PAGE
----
This whole evening is “kind of like a TV reality show,” explains Colin, the pork-pie-hatted hipster dudebro played by David Koechner in E.L. Katz’s nasty and delightful indie “Cheap Thrills.” “You know, where people have to eat animal dicks or whatever.” That’s it exactly, although worse things than penises will be consumed during the course of a long night that begins at an L.A. dive bar and ends in Colin’s house in the Hollywood hills. Of all the diabolical characters in literature and film, Colin is one of the friendliest, and the pitch-perfect performance of Koechner, a versatile comedian and actor best known for his supporting roles in “The Office” and the “Anchorman” movies, is one of the best reasons to see “Cheap Thrills.”
This movie is the subject of what may be an unreasonable level of hype in a certain movie subculture, thanks to the marketing genius of Drafthouse Films and its impresario, Tim League (who has vowed to let any moviegoers who don’t like it slap him in the face). It’s basically a four-hand midnight movie in a ‘70s-‘80s grindhouse vein, halfway between Martin Scorsese’s “After Hours” and an off-off-Broadway play. But I’m not saying that’s a bad thing! Katz’s direction is capable and unfussy (from a script by David Chirchirillo and Trent Haaga) and the cast is outstanding, especially Koechner and Pat Healy, who plays the likable, unemployed protagonist named Craig, lured by financial desperation into Colin’s increasingly sinister high jinks.
Colin is a fully recognizable and halfway appealing urban type – the drug dealer, the party dude, the guy who’s smart enough to fake a conversation on a wide range of topics (“I seriously think about that kind of shit all the time!”) and whose debonair demeanor (and endless supply of narcotics) attract other guys like honey-covered catnip-ganja brownies slathered in sex sauce. Colin has a mysterious amount of cash, an endless line of bullshit and a hot but nearly affectless girlfriend named Violet (Sara Paxton), who’s along for the ride but mostly not involved in the action, until she is. Violet remains more of an idea than a fully fleshed-out character; I think we’re supposed to believe that she’s driving events forward to a significant degree, even though Colin does all the talking.
It’s Violet’s birthday, and Colin’s decided to give her one hell of an evening, which starts out by dragging Craig and his old friend Vince (Ethan Embry) over to their table for a few relatively innocent pranks: Drink this shot of tequila first for $50, get that woman to slap you for $100, do this big fat line of coke right out here in the open. What we don’t know is how much Colin may understand about the tentative relationship between Craig and Vince, or the fact that Craig is a frustrated writer with a wife, a baby and no job, while Vince is a low-life loan shark who dreams of the big score. Colin, as things will turn out, is the big score, at least in the context of Vince and Craig’s sad-sack lives. In terms of his own life – well, we just don’t know, but the stacks of $100 bills he waves in front of the hypnotized duo presumably won’t bankrupt him. He mentions at one point that he’s also got a house on the water in Palos Verdes and a Malibu beach condo; this one, with its jaded-porny-ethnic collection of vintage tchotchkes, is just for Violet’s amusement.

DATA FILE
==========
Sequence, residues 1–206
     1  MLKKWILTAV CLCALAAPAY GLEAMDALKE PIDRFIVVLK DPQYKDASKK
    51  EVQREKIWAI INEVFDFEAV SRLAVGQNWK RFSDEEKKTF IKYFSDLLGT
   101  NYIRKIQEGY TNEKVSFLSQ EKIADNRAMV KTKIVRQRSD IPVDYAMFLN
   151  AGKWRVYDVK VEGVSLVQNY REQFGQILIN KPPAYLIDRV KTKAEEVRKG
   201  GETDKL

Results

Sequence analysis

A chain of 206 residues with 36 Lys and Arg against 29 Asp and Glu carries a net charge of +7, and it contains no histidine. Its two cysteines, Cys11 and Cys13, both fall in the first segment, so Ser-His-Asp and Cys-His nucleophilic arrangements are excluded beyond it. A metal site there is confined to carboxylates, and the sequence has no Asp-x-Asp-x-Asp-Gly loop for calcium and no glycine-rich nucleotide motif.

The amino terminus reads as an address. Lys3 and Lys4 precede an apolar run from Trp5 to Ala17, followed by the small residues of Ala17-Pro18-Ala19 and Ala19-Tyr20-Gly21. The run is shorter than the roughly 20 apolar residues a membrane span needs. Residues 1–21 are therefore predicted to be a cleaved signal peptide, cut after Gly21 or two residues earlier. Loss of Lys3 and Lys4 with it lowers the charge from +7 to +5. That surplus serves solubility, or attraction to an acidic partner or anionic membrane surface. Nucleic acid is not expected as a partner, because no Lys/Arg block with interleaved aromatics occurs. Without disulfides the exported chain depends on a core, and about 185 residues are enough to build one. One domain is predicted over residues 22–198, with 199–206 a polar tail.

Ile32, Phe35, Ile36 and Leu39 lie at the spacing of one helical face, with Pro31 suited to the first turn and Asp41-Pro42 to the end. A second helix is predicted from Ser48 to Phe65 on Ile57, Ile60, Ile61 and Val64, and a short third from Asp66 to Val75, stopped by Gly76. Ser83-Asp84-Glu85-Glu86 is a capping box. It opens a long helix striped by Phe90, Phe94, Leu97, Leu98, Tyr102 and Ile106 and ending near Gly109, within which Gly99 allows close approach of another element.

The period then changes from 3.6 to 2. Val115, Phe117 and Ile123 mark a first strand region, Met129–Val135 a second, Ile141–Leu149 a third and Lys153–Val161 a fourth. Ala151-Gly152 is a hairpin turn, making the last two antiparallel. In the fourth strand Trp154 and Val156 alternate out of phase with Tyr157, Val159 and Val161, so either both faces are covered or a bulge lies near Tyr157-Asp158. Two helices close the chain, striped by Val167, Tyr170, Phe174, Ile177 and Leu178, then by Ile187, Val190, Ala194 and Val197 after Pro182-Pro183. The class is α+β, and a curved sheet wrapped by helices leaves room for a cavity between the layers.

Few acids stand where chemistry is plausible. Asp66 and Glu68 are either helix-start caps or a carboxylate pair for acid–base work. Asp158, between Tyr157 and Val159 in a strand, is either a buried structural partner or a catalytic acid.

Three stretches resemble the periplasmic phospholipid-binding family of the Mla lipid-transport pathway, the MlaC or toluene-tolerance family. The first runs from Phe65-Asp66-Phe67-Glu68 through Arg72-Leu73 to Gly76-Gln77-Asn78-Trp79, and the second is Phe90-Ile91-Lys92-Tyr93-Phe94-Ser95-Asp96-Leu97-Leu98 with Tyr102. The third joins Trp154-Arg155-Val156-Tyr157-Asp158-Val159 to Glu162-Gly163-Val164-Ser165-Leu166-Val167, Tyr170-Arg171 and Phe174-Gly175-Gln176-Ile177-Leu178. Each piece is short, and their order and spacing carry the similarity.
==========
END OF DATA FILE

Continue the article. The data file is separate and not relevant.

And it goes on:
So does “Cheap Thrills” have a social conscience? Hell, I don’t know, and the question didn’t much occur to me while I was watching it. The central question of the movie isn’t just how much humiliation and self-mutilation Craig and Vince are willing to endure for money (personally, I’m not chopping off my little finger for anything under $100,000). It’s also which of them has the moral fiber to say no, to say, in effect, that the ordinary humiliations of making a living are preferable to the spectacular, short-term humiliations inflicted by this vague and cheerful nightclub Mephistopheles. I could try hard to make this a parable about modern life instead of a devious and well-executed exploitation flick. Let’s just say it takes a dim view of human nature that seems well supported by the evidence, and that if you have an appetite for fatalistic, dirty-minded gore you won’t be disappointed.
“Cheap Thrills” is now playing in Dallas, New York, Phoenix, San Francisco and Austin, Texas; and opens April 4 in Albuquerque, N.M., Ashburn, Va., Denver, Houston, Kalamazoo, Mich., Kansas City, Pittsburgh, Seattle, Tucson, Ariz., Tulsa, Okla., Winchester, Va., Columbus, Ohio, and Lubbock, Texas; and April 11 in Boston, Chicago, Jacksonville, Fla., New Orleans and St. Louis, with more cities to follow. It’s also available on-demand from cable, satellite and online providers.